What is Mediation?
Ask any trial lawyer, and he or she will tell you that of the thousands of cases filed each year, on a small percentage go to trial. That’s different from the “good old days” of lawyering, when an attorney could count on a number of trials every year. So why the difference?
One of the main reasons is that mediation has become commonplace and, in most states, required. This is true in South Carolina – with only a few exceptions, any case filed in the Court of Common Pleas – the forum for civil litigation – is required to be mediated within a certain period of time after being filed. A failure to engage in mediation within that time period can mean sanctions and a case cannot proceed to trial until mediation takes place.
So what is mediation? In short, mediation is a set date and time at which the parties to a lawsuit must meet and try to settle a case. The process is voluntary and, as long as the parties attend in good faith, no one can force you to do anything, other than attend.
A mediation usually takes place at a lawyer’s office – often that of the mediator. The mediation is run by the mediator, which is a third-party lawyer whose job it is to try to settle the case. I usually tell clients that the mediator has no “dog in the fight” – his client is the settlement. And – if he or she is a good mediator – then he will spend the day pushing and pulling on both sides to try to bring them to a resolution that both are content (not thrilled) with.
There are different styles of mediators. Some mediators are very passive and what I call “numbers couriers” – they simple shuffle from room to room, never really challenging any party and simply conveying settlement offers. In my view, these sort of mediators are almost never successful. A good mediator is aggressive with both parties – pointing out weaknesses in the case, noting the costs of trial, and emphasizing the uncertainty of a jury trial. In this way, each party is forced to make a true evaluation of the case and come to a realistic valuation, likely to be more in line with the other party (who is making a similar analysis).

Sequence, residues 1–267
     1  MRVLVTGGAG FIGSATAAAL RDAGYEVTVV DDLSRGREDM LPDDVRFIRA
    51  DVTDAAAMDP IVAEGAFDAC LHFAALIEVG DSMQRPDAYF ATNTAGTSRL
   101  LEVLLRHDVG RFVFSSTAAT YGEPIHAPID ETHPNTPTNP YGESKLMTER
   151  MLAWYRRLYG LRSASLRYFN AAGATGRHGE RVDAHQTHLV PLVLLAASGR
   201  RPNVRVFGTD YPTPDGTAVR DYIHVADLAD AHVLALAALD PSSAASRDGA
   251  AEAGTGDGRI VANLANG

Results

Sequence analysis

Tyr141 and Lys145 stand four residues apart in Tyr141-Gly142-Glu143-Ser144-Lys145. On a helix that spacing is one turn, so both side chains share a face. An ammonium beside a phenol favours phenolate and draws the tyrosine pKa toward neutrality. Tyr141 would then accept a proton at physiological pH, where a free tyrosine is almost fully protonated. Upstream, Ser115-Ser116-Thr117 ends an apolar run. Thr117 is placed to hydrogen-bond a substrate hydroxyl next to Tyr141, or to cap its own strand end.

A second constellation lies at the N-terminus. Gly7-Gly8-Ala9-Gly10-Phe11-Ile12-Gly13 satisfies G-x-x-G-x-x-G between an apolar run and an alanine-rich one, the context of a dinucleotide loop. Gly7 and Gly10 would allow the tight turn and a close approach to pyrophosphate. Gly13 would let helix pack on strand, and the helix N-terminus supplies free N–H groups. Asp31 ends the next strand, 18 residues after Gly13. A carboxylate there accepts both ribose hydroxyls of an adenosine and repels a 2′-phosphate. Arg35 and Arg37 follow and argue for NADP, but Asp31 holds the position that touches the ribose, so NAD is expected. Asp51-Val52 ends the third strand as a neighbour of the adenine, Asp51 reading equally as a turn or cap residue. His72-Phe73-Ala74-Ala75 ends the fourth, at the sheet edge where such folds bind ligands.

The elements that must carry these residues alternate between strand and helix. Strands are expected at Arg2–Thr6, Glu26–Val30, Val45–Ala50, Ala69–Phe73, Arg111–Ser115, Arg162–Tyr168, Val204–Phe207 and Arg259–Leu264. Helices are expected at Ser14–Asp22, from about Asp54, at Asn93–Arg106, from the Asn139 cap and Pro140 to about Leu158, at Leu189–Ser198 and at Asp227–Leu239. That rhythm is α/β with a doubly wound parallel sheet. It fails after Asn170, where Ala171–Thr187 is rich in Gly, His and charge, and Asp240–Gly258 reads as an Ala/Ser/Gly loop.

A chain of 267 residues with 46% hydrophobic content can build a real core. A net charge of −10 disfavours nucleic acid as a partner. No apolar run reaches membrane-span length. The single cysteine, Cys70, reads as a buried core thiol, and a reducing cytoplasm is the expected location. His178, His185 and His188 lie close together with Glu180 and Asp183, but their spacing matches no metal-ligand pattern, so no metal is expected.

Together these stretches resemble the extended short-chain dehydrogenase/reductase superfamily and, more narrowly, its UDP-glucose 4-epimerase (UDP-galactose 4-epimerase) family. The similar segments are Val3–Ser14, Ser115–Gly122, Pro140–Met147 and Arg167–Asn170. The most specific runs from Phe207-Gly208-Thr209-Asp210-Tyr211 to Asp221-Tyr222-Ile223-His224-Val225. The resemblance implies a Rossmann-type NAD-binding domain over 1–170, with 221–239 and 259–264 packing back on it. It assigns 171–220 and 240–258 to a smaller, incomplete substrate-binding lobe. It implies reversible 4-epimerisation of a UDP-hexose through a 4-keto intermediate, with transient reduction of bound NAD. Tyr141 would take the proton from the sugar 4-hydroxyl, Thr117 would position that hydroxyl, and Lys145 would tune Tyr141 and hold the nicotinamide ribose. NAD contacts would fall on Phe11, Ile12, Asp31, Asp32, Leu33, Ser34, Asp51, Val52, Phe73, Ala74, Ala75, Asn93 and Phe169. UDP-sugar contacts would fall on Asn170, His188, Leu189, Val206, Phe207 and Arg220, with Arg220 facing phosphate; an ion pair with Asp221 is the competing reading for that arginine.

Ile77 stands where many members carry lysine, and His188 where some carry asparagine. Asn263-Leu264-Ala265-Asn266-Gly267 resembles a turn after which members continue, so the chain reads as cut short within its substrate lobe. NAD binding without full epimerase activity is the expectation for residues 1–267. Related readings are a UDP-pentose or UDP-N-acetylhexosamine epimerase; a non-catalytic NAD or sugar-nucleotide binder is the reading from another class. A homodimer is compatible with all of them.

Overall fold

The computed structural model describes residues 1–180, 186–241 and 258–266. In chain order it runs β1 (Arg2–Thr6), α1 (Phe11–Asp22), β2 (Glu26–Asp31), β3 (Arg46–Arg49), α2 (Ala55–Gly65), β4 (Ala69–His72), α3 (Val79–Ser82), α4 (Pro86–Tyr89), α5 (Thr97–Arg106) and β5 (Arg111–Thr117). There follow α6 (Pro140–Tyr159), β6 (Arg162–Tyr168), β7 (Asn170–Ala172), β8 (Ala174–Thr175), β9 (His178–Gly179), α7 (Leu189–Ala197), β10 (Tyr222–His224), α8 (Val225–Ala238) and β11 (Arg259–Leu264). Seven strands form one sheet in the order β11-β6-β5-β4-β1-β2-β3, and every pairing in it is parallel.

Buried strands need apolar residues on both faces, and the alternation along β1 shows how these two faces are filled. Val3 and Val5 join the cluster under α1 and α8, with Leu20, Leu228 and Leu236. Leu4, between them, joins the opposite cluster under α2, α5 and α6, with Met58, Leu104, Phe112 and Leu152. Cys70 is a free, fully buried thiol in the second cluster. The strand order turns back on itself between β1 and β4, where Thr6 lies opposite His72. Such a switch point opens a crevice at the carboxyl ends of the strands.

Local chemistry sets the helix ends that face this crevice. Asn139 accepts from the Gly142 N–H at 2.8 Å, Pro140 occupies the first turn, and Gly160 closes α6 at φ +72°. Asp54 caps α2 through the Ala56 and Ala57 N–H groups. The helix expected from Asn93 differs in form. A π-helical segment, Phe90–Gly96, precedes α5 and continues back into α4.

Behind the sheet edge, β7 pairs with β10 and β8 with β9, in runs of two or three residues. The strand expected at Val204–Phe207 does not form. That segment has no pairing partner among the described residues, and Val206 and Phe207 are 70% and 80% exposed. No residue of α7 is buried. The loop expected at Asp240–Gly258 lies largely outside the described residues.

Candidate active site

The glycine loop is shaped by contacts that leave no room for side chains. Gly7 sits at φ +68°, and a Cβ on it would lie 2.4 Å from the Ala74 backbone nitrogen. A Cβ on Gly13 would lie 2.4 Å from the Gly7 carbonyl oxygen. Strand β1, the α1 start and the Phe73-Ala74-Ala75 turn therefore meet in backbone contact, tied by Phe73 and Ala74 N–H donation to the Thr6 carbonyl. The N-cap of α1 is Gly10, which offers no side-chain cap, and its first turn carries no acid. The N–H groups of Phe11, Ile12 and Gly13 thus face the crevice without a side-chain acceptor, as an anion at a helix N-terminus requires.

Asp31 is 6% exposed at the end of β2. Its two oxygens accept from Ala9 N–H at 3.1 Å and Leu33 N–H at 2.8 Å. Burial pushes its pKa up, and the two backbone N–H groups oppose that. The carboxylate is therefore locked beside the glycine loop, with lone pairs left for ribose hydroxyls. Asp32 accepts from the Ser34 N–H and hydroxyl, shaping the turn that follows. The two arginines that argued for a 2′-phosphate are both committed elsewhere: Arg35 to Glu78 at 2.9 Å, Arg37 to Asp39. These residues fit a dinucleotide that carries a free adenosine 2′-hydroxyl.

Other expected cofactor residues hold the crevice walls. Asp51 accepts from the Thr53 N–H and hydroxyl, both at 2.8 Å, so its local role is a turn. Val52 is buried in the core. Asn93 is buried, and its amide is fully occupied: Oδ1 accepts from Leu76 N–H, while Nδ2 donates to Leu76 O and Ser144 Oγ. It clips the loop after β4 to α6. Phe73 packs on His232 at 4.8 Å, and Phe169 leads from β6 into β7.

The mediation typically begins with all parties in one large conference room. The mediator begins the session by talking about how the mediation will work and discussing the rules of mediation. One rule is that the mediation continues until the mediator declares an impasse. Another rule is that what happens at mediation stays at mediation – the moves of the parties, and everything said at mediation, is confidential and cannot be brought up at trial. The parties also sign a mediation agreement agreeing to the rules, and to the payment terms (the mediator is paid by the hour, split equally between the parties).
Once the mediator completes the opening, the plaintiff then gets the chance to speak. The plaintiff’s attorney usually then presents the plaintiff’s side of the case – arguing why the plaintiff believes that it will be successful at trial. Sometimes, this is simply done by speaking to the other side. Other times, the plaintiff’s attorney presents a Power Point.